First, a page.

Horton died of natural causes on March 9, 2016 at the age of 91 in a rehabilitation clinic in Los Angeles, California. According to his niece, he was injured in a fall in November 2015, and was placed in hospice care. At his request, he didn't have a funeral. His remains were cremated.
|1945||A Walk in the Sun||Jack||Uncredited|
|1951||The Tanks Are Coming||Capt. Bob Horner||Uncredited|
|1952||Return of the Texan||Dr. Jim Harris|
|1952||Apache War Smoke||Tom Herrera|
|1952||Pony Soldier||Jess Calhoun|
|1953||The Story of Three Loves||Friendly Young Man on Ship||(segment "Mademoiselle"), Uncredited|
|1953||Bright Road||Dr. Mitchell|
|1953||Code Two||Russ Hartley|
|1954||Prisoner of War||Francis Aloysius Belney|
|1954||Men of the Fighting Lady||Ensign Neil Conovan|
|1956||The Man Is Armed||Dr. Michael Benning|
|1957-62||Wagon Train||Flint McCullough||Last onscreen episode is Season 5, Episode 36; credit only in episode 37|
|1966||The Dangerous Days of Kiowa Jones||Kiowa Jones||TV movie|
|1968||The Green Slime||Commander Jack Rankin|
|1969||The Spy Killer||John Smith||TV movie|
|1970||Foreign Exchange||TV movie|
|1988||Red River||Mr. Melville, Cattle Buyer||TV movie|
- "Mail Bag". Waco Tribune-Herald. Waco, TX. January 22, 1967. p. 56. Retrieved June 30, 2016 – via Newspapers.com.
- Slotnik, Daniel E. (March 15, 2016). "Robert Horton, Handsome 'Wagon Train' Star Who Wanted More, Dies at 91". The New York Times.
- "Robert Horton, 91, Wagon Train actor". San Francisco Chronicle. March 16, 2016. Retrieved March 24, 2016.
- Sage, Alyssa (March 15, 2016). "Robert Horton, 'Wagon Train' Actor, Dies at 91". Philadelphia Daily News. Retrieved June 30, 2016.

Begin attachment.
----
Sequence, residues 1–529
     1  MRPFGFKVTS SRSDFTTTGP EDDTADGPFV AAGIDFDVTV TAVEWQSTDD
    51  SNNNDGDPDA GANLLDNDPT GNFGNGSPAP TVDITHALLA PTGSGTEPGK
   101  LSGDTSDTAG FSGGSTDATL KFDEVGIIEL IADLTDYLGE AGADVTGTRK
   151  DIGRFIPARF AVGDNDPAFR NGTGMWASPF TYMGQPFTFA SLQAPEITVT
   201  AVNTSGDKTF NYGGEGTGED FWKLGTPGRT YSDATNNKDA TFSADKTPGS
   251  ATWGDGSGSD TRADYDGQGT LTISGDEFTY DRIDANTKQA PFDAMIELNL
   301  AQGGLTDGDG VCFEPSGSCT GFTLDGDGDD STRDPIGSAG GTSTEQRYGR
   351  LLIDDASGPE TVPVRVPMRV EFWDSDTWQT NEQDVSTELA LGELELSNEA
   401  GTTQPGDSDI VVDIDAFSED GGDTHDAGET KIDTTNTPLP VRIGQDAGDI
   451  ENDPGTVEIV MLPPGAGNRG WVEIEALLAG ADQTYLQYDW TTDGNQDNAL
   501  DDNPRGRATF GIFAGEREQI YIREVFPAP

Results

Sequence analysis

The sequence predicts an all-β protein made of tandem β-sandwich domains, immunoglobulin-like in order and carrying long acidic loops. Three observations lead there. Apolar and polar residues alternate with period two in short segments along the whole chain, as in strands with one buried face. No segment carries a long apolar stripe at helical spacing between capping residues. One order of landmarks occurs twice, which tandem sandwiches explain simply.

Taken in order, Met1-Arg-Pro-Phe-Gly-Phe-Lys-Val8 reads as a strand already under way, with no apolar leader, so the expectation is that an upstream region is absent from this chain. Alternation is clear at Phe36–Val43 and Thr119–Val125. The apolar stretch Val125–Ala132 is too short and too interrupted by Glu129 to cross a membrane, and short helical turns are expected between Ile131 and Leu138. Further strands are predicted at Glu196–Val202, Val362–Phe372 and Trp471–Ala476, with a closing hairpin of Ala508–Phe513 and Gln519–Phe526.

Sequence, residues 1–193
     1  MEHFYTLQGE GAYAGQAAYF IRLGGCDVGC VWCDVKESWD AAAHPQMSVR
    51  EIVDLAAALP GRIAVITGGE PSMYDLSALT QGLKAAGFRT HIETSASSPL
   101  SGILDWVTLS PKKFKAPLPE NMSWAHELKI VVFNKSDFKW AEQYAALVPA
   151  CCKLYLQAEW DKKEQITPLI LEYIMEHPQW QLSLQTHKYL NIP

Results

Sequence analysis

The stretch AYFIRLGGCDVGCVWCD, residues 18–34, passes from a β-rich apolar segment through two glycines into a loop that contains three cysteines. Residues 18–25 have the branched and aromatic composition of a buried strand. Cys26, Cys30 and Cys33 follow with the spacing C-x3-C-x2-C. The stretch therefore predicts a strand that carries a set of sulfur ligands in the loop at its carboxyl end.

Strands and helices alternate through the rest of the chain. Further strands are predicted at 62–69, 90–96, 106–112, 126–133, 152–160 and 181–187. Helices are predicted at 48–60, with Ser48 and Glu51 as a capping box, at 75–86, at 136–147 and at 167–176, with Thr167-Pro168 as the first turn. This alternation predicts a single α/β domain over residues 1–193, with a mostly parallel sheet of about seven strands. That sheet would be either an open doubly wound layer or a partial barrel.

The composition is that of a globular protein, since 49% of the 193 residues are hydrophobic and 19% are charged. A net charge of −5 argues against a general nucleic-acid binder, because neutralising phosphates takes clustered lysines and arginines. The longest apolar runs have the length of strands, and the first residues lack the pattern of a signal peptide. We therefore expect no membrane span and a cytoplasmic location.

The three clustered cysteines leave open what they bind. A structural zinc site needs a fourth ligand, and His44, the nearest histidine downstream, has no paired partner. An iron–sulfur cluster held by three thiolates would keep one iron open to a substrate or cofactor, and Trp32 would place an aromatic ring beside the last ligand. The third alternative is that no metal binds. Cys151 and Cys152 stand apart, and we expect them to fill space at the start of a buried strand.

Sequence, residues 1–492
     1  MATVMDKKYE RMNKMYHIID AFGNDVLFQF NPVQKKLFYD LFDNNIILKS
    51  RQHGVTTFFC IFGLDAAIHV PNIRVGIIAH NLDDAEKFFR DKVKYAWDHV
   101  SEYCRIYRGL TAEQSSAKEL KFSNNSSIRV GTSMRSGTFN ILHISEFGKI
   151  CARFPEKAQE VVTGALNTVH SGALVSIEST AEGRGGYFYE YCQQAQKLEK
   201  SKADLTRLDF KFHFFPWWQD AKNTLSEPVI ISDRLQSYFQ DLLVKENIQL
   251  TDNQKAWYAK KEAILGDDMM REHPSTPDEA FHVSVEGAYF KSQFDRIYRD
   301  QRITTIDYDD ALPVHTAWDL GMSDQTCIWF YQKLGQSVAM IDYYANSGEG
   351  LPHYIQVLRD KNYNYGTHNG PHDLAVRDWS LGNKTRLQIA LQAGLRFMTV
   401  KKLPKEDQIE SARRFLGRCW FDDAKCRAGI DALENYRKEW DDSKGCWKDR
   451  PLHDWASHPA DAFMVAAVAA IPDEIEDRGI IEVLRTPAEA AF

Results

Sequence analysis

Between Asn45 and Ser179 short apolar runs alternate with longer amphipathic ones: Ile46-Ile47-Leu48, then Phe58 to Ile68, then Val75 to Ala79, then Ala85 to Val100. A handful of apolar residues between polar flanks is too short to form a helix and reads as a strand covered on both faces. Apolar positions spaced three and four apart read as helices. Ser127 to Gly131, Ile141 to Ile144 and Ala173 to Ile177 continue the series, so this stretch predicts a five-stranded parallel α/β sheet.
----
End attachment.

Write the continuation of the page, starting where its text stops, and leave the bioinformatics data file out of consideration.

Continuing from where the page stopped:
- "School Profile" (PDF). California Military Institute. Retrieved June 30, 2016.
- Leszczak, Bob (2015). From Small Screen to Vinyl: A Guide to Television Stars Who Made Records, 1950–2000. Rowman & Littlefield. pp. 157–58. ISBN 9781442242746.
- "Robert Horton Obituary". Legacy.com. March 14, 2016. Retrieved March 14, 2016.
- McNeil, Alex (1996). Total Television (4th ed.). New York City: Penguin Books USA, Inc. p. 62. ISBN 0-14-02-4916-8.
- "TV Westerns – Wagon Train". FiftiesWeb. Retrieved October 30, 2016.
- Rosen, James. Wagon train : the television series. Autumn Road Co. ISBN 0972868445.
- "The Official Robert Fuller Website: Biography". Retrieved July 18, 2017.
- Terrace, Vincent (2011). Encyclopedia of Television Shows, 1925 through 2010. McFarland & Company, Inc. ISBN 978-0-7864-6477-7. P. 567.
- Watts, Randy; Callahan, Mike; Edwards, David; Eyries, Patrice. "Columbia Main Series, Part 18: CL 2200-2299/CS 9000–9099 (1964–1965)". Bsnpubs.com. Retrieved November 6, 2019.
- "Actor-Pilot ROBERT HORTON". Plane and Pilot. July 1967.
- Motion Picture and Television Magazine, November 1952, page 34, Ideal Publishers
- "Starlet Barbara Ruick, Young Actor Married". The San Bernardino County Sun. San Bernardino, California. Associated Press. August 24, 1953. p. 4.
- "Whatsnew". Roberthorton.com. November 17, 2009. Retrieved October 30, 2016.
- "Golden Boot Awards 2004". Golden Boot Awards. Retrieved June 30, 2016.
- "The National Day of The Cowboy". Brownpapertickets.com. June 18, 2014. Retrieved October 30, 2016.
- "Western Movies and More". Westernclippings.com. Retrieved October 30, 2016.